reductionists and would evaluate progress as a black box with binary output:
    did it work or didn’t, and where’s the data that it worked. But often you discover
    things that don’t fit into such thinking, yet they are very valuable: i.e.
    there is another ligand activating the same pathway, or redundant pathway, or off-target
    activation, or a splice variant, etc…

    The declining success rate for Phase II trials (down to 18%
    now) is well-documented, but I find it very perplexing: we have such powerful
    tools now to illuminate the system, the success rate should be going up, not
    down. Perhaps one of the reasons is this type of Series B heuristics that
    rewards and pre-selects early positive data and companies that did exactly what
    they were expected to do, even though early preclinical “success” has no
    statistical power, and mice ‘lie’ most of the time… Early scientific insight,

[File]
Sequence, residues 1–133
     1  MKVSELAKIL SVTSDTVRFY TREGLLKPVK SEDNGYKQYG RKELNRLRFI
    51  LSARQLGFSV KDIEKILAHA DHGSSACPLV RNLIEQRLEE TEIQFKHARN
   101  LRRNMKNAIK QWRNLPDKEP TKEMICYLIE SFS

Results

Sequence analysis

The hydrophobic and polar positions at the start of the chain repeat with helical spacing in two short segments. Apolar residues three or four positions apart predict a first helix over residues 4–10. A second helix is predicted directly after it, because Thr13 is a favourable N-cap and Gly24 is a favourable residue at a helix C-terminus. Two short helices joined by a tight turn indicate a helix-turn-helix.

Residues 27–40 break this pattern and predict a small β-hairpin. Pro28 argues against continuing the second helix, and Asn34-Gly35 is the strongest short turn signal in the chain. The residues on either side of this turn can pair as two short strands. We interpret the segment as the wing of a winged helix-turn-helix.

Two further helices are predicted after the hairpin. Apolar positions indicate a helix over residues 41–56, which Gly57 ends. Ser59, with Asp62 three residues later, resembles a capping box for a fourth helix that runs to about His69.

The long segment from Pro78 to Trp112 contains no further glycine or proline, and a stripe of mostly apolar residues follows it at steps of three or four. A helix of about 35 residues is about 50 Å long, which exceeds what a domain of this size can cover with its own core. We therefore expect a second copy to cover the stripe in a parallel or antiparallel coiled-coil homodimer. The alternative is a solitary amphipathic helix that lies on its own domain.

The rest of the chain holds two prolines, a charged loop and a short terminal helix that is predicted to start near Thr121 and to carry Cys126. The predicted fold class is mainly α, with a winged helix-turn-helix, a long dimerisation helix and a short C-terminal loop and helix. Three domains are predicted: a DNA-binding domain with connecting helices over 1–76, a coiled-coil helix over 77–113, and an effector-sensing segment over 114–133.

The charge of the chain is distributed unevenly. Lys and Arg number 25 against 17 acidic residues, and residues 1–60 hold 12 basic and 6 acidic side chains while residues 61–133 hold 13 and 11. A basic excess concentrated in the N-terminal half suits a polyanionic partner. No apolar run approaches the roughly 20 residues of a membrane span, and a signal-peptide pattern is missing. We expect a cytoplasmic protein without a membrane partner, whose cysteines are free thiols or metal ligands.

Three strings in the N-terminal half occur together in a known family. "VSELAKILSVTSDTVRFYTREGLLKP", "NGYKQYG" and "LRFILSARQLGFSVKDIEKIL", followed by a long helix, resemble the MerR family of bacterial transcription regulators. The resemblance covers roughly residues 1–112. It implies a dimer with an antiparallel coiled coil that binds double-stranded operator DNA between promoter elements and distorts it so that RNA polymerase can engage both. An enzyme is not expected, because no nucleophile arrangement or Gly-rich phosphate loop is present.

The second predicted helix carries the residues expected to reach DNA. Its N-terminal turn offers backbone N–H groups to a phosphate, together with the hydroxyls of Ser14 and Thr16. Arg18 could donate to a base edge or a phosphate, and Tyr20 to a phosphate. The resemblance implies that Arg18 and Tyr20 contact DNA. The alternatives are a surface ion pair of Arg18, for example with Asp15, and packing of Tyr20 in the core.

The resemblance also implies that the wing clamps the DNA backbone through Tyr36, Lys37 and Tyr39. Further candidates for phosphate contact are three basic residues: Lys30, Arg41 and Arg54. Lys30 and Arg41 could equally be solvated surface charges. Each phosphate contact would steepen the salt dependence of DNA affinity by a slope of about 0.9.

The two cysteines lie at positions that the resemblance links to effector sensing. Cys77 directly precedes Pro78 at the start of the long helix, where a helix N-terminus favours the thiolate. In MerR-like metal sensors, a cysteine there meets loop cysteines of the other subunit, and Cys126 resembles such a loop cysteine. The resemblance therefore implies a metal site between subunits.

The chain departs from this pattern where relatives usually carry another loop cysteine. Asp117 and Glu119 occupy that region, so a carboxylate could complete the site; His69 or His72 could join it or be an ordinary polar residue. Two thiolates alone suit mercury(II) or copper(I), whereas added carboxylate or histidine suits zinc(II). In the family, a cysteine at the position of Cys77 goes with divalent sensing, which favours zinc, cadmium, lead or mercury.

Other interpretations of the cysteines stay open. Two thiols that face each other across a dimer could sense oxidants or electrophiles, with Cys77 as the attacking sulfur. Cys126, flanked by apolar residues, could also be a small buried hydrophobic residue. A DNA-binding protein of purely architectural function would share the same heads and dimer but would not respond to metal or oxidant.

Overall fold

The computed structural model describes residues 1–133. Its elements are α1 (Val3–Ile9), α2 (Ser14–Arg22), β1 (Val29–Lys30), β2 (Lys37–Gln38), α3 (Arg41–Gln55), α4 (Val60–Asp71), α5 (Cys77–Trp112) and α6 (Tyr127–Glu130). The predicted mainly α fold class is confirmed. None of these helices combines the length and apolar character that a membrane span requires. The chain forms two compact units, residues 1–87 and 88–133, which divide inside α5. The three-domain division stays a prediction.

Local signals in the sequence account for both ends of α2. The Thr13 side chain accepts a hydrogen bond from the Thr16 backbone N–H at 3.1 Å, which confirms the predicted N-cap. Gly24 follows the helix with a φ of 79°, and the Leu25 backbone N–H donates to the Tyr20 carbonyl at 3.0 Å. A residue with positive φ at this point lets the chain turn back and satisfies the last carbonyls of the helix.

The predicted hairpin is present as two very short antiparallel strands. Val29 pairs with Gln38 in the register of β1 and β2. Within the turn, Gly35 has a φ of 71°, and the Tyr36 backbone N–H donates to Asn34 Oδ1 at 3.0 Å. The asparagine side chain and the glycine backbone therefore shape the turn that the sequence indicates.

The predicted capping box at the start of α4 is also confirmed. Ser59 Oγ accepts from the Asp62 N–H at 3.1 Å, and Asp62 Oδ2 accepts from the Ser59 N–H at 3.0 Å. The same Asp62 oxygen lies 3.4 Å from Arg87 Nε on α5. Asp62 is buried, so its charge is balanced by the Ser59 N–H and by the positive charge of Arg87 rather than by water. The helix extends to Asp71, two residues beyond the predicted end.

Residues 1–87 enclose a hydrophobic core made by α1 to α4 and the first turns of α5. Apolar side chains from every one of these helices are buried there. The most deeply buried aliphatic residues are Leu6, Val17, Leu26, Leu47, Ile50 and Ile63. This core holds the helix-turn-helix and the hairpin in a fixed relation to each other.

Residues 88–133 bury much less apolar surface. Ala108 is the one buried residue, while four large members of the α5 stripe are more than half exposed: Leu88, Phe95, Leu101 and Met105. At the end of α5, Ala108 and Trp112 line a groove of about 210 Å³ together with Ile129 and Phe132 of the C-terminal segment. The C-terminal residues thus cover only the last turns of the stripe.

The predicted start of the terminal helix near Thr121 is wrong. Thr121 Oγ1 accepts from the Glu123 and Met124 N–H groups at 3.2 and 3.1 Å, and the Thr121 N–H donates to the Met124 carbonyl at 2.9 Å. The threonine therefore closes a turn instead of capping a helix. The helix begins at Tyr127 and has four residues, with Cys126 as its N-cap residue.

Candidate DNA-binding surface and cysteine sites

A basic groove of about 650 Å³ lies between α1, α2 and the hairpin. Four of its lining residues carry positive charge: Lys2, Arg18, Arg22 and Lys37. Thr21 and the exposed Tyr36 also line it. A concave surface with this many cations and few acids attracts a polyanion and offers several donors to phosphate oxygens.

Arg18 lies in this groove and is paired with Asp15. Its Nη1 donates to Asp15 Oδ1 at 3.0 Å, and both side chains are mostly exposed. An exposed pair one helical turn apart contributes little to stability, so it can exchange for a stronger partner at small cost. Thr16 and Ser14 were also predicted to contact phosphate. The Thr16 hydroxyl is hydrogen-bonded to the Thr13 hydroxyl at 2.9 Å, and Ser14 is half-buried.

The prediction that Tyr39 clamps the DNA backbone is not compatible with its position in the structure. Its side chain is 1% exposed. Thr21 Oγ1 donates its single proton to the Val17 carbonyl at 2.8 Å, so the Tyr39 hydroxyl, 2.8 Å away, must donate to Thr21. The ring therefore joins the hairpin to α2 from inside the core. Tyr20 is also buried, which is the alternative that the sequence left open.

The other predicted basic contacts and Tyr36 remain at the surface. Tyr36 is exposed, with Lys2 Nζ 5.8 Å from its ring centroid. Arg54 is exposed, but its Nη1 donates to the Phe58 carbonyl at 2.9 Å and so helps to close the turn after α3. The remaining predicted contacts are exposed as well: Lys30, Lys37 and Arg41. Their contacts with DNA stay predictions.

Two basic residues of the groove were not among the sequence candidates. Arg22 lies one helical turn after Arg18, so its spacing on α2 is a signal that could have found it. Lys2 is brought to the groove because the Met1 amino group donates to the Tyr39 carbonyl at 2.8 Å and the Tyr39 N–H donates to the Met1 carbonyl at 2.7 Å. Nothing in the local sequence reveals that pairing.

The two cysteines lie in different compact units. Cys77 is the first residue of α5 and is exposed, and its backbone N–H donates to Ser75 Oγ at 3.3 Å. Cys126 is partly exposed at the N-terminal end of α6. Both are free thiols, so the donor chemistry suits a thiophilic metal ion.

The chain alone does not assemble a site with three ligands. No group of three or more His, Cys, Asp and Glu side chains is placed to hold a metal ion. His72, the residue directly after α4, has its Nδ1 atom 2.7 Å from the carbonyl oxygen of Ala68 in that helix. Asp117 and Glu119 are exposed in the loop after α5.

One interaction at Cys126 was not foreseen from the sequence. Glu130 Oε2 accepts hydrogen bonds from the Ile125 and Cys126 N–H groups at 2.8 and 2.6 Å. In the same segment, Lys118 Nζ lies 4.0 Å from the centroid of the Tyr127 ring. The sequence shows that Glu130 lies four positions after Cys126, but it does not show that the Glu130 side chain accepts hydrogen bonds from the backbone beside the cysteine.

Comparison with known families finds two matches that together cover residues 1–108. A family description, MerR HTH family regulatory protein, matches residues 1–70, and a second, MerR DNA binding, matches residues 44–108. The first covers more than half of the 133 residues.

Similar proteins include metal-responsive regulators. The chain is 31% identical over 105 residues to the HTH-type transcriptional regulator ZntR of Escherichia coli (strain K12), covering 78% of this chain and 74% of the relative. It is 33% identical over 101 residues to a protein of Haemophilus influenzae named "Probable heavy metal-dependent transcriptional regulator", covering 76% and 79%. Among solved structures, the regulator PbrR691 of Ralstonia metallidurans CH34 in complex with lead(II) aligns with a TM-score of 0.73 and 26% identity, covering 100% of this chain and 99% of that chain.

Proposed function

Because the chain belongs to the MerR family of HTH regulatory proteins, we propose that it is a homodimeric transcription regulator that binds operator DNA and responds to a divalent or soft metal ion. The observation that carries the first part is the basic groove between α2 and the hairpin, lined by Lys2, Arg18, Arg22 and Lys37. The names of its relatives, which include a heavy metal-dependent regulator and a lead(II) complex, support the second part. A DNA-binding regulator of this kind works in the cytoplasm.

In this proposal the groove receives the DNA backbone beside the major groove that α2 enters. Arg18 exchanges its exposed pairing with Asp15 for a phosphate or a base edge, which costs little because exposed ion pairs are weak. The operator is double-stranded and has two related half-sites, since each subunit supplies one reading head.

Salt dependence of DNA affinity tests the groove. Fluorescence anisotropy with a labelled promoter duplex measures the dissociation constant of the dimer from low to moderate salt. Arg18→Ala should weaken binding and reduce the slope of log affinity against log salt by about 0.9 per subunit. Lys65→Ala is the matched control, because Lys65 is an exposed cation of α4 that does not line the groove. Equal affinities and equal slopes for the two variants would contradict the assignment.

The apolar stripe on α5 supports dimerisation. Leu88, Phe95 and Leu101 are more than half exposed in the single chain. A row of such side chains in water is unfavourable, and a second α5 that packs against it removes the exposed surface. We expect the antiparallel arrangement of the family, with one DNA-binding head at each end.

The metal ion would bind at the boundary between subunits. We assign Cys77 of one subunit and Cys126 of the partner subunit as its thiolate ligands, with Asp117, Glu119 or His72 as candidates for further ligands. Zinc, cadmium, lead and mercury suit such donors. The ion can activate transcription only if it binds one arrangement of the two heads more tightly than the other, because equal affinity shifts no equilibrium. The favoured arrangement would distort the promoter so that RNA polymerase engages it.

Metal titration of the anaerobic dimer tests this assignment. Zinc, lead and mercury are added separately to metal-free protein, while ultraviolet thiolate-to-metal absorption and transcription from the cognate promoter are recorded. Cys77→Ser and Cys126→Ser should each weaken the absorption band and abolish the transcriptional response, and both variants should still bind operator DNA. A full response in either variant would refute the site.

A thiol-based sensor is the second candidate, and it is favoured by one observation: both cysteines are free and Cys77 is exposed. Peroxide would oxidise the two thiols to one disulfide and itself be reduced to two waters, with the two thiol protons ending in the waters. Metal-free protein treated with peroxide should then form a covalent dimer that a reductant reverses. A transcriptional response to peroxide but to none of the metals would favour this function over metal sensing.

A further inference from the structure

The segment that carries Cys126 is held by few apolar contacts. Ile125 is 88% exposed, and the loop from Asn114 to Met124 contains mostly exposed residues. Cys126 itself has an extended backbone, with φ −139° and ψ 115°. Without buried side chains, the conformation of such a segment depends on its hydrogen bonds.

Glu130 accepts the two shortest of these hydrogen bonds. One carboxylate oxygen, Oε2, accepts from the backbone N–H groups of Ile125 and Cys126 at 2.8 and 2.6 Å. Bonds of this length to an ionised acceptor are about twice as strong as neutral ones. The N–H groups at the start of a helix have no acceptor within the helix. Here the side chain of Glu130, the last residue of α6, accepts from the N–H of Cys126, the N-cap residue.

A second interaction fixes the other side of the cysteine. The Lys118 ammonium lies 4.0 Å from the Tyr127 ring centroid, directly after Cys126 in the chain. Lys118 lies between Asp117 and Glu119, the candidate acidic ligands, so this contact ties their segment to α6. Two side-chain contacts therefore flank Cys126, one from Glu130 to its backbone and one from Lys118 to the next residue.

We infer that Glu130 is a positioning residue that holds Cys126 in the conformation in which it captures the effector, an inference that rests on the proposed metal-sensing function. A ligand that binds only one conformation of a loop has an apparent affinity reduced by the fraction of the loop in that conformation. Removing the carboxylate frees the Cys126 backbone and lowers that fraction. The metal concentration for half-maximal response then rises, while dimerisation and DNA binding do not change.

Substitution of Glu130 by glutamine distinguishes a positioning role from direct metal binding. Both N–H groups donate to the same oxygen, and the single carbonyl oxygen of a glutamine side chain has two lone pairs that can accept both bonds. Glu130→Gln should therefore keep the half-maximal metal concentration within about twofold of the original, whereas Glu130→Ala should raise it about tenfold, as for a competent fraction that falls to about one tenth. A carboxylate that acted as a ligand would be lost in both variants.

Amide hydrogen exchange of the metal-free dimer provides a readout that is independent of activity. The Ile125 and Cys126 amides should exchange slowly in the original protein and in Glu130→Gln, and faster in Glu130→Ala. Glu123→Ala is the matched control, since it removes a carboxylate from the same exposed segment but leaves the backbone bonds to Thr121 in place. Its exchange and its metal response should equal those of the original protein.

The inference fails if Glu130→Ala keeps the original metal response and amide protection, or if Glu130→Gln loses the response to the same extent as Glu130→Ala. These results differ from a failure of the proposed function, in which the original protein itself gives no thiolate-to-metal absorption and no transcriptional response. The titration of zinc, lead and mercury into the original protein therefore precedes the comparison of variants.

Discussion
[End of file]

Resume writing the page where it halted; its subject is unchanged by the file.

as messy and unexpected it may be, is probably a lot more valuable than early
    positive data.

  • Great advice.  You can find a list of healthcare VC’s that have capital to invest on my blog:  

  • Great advice.  You can find a list of healthcare VC’s that have capital to invest on my blog:  

  • Kbosley

    Hi Bruce –
    agree w/ all of the above – one add’l variation on your last point (“make sure what you’re selling is what they’re buying”) is to continue to build the dialogue with key potential funders between A and B (and C and further down the road).  if you know what it would take for someone to invest (what kind of data, what kind of progress) early, you have a better chance to either generate it – or stop talking to them if their expectations don’t line up with what you & your current investors think is important.